Removing the Door Handle

Now you will turn your attention to removing the exterior door handle. Pull the plastic liner off the whole left side of the door, and leave it hanging. Ours was stuck on with some annoying tar-like adhesive that, while dirty, was easy to replace later.

If this plastic protector gets torn beyond use, you can use a plastic garbage bag or a piece of vinyl drop cloth as a replacement. Don't put the door panel back on without the plastic protector.

You may be dismayed at this point to realize that you can hardly see the exterior door handle and have very little room to work on it. That is very true. You need one of these ratchet set handles (we don't know what it's called, but it looked like a screwdriver handle to us) with about a 10mm attachment for unscrewing bolts.

We found that with the exception of one bolt which was easily reached, we had to loosen the bolts with this tool and then stick our hand in there to finish taking them off. There are three bolts that have to be removed, the one that is easily seen and reached, and two more inside the hole.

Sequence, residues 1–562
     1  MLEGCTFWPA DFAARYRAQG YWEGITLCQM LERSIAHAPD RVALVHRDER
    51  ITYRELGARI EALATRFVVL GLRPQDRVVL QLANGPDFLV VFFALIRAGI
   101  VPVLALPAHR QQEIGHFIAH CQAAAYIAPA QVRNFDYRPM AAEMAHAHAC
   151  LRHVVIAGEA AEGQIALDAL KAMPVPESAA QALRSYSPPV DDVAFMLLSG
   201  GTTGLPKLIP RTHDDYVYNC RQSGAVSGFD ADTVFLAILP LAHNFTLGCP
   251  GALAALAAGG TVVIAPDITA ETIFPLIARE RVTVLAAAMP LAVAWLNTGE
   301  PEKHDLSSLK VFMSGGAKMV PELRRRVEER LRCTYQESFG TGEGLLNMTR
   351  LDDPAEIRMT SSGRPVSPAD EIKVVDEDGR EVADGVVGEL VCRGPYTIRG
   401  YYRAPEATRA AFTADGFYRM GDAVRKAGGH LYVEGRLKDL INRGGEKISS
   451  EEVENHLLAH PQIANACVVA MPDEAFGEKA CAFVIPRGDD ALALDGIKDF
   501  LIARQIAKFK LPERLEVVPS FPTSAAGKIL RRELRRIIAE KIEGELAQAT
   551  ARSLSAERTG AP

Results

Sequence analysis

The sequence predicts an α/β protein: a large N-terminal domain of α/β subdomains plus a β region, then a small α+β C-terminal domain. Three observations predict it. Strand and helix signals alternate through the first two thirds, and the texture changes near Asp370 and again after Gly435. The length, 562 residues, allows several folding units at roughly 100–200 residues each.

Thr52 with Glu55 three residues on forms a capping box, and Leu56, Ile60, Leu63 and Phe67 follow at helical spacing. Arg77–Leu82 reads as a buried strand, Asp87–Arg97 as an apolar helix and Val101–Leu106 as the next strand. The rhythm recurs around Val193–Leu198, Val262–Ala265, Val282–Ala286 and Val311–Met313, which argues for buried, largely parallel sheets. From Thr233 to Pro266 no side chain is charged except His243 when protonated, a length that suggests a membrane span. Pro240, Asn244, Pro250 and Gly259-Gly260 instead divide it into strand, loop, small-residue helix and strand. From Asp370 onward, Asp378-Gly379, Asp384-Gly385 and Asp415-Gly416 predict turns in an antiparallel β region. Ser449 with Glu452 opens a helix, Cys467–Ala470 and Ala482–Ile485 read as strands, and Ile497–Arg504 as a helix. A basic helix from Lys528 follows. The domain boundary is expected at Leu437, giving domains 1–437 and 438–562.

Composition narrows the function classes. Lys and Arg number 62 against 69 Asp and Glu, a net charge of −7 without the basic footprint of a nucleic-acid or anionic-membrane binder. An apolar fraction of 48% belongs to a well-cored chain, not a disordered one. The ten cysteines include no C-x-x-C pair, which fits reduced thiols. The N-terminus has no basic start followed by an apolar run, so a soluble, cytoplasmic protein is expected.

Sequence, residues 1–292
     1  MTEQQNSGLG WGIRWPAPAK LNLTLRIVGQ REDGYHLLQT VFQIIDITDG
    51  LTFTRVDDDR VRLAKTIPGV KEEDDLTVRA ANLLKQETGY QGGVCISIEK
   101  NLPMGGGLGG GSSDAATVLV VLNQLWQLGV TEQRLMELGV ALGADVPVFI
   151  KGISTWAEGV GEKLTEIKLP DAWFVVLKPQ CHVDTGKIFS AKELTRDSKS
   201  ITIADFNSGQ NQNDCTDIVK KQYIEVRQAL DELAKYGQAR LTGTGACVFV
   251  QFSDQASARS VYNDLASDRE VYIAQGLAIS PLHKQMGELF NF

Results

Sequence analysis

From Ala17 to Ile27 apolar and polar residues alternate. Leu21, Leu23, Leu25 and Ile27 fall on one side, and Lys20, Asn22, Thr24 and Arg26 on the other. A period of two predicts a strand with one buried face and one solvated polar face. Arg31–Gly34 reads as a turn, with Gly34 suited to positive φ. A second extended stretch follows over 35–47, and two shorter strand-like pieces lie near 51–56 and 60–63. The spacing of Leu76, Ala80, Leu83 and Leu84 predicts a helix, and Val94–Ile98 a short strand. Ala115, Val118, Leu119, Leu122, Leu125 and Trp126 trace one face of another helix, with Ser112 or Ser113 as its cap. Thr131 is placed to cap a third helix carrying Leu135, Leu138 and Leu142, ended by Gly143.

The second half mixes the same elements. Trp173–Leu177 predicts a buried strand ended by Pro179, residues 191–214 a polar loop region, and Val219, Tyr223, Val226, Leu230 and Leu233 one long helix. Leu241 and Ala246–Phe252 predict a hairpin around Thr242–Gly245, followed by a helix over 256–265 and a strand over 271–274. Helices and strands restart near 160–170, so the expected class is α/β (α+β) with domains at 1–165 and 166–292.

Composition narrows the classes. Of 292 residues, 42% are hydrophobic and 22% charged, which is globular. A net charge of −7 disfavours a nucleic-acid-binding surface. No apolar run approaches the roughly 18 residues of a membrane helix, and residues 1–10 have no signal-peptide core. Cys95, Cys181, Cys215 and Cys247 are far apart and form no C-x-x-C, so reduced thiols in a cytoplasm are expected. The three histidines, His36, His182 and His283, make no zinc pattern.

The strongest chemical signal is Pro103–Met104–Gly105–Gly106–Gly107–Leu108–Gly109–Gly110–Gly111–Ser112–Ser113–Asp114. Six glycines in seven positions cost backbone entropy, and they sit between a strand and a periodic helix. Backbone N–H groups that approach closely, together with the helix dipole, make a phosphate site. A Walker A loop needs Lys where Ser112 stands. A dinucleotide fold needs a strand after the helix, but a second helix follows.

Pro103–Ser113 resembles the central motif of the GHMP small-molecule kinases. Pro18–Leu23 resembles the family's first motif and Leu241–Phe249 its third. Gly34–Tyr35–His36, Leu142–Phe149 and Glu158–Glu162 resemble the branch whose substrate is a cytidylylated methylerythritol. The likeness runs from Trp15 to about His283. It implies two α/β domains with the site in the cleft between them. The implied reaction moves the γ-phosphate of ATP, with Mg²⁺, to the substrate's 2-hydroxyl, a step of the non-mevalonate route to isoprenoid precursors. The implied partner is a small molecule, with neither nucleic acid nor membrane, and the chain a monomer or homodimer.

Once those bolts are loose, the door handle should move around. It is now held on by one more bolt and a rod.

The Door Key Lock and Unlock Switch are still held on by that last bolt. You can probably remove both the last bolt and the rod from the outside by wiggling the door handle around a bit. Before you remove the last bolt, however, take a really good look at how it is attached to the handle, Better yet, take a photo with your phone or camera to refer to later.

To remove the rod, flip the plastic piece into the "up" position. Then the rod should just slide out of the handle.

Installing the Door Handle